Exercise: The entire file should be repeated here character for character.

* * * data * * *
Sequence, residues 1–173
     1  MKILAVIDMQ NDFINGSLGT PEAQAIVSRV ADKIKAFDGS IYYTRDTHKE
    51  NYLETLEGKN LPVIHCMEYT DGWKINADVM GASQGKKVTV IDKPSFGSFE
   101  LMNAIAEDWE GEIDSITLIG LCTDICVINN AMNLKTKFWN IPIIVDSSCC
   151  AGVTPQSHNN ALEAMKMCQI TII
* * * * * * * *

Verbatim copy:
Sequence, residues 1–173
     1  MKILAVIDMQ NDFINGSLGT PEAQAIVSRV ADKIKAFDGS IYYTRDTHKE
    51  NYLETLEGKN LPVIHCMEYT DGWKINADVM GASQGKKVTV IDKPSFGSFE
   101  LMNAIAEDWE GEIDSITLIG LCTDICVINN AMNLKTKFWN IPIIVDSSCC
   151  AGVTPQSHNN ALEAMKMCQI TII